Probably one of the greatest honors of my life has been to serve alongside my wife and a handful of dedicated volunteers in The Crossing‘s separation and divorce recovery ministry. The “visible” component of this ministry is that our church has been offering the DivorceCare program steadily since 2009; in that capacity, our team has had the pleasure of meeting and getting to know – really know – hundreds of individuals as they work their way through crisis. The less-visible component of this ministry would be the hundreds (thousands, maybe?) of emails, phone calls, lunches, coffee breaks, social gatherings and other informal meetings that affirm for others that they are loved, cared for and, yes, very much wanted as brothers and sisters in Christ.

Probably the single-greatest “contribution” that anyone makes to this ministry is a simple willingness to be “exposed” as a fellow sufferer. Every single volunteer in the ministry has personally lived through the pain, alienation, confusion and relentless sorrow that accompany the break-up of a marriage. All of us know exactly what it is like, for example, to be living in a crappy apartment in the low-rent part of town while all of “your” Christmas decorations, lights and so forth are already being used across town in another home…perhaps even in someone else’s home.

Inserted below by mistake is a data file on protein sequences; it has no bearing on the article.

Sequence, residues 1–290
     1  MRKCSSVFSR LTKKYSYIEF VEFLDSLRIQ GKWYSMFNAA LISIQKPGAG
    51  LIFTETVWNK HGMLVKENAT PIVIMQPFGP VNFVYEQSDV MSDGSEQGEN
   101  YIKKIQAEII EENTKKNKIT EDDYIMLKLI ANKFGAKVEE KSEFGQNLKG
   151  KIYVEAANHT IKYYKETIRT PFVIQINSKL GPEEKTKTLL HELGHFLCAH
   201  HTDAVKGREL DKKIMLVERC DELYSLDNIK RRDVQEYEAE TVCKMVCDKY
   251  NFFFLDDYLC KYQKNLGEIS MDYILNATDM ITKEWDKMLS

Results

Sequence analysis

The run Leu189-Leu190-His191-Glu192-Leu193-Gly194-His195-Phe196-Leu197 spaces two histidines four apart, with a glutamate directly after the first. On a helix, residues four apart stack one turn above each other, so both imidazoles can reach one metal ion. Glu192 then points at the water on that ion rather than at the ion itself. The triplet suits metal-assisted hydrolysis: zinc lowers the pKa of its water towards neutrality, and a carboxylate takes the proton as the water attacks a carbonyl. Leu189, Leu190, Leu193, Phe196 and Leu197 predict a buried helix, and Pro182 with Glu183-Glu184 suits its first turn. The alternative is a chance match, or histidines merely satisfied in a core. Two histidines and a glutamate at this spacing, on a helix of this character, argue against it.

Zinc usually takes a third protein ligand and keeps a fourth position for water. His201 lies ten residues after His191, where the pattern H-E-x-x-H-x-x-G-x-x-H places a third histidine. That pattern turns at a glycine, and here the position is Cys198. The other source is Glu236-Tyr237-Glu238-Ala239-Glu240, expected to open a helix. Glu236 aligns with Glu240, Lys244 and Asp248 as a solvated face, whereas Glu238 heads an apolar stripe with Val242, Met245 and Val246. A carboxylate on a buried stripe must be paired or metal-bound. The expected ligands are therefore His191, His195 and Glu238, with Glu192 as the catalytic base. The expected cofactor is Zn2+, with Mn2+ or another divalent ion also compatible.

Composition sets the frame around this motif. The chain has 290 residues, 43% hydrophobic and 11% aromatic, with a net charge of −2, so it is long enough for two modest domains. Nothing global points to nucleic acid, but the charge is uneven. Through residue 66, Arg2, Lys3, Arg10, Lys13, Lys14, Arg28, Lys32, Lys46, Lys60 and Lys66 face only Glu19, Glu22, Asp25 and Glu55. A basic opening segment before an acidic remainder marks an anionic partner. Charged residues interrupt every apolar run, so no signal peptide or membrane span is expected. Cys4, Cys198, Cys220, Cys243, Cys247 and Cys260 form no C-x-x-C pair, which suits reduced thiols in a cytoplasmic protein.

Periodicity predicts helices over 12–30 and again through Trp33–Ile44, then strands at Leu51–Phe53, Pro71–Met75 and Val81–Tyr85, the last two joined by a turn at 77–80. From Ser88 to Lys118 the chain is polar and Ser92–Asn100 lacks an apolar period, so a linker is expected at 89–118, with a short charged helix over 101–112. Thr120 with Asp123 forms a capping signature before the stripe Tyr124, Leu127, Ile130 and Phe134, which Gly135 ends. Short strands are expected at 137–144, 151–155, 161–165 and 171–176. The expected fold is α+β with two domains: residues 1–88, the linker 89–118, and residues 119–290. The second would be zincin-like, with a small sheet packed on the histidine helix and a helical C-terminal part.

So, whether I care to or not, I think about actual people I know every single time I hear Lou Lou Who recite his line about “family” being the true meaning of Christmas. How that sentiment must sting horribly the heart of those who no longer have the luxury of being allowed to spend Christmas with their family, or whose Christmas celebrations going forward will forever be marred by the memory of “what used to be.” If family represents the true meaning of Christmas, then obviously the recently-separated or divorced person has every right to wonder if they really are living outside of God’s plan for their lives. That’s the lie that the enemy of their souls keeps taunting them with, at any rate.

Which is why I find myself indebted, Christmas after Christmas, to Paul Tripp for helping me to “rebrand” Christmas as The Sufferer’s Holiday:

“This pain isn’t a sign that He’s turned His back on me. This pain is a sign that I still live in a broken world…but God’s with me. And all of that just says to me that I wasn’t hard-wired to live this life by myself. I was created for dependency, primarily dependency upon God. And so, I think this is real comforting: The person in pain and the person who’s presently not in pain, are not different people. They’re exactly the same. They’re equally dependent on God for their life. It’s just that one is more aware of it now than the other is…If this world were not filled as it is with pain, there would not be any need for a Savior, or for Christmas.”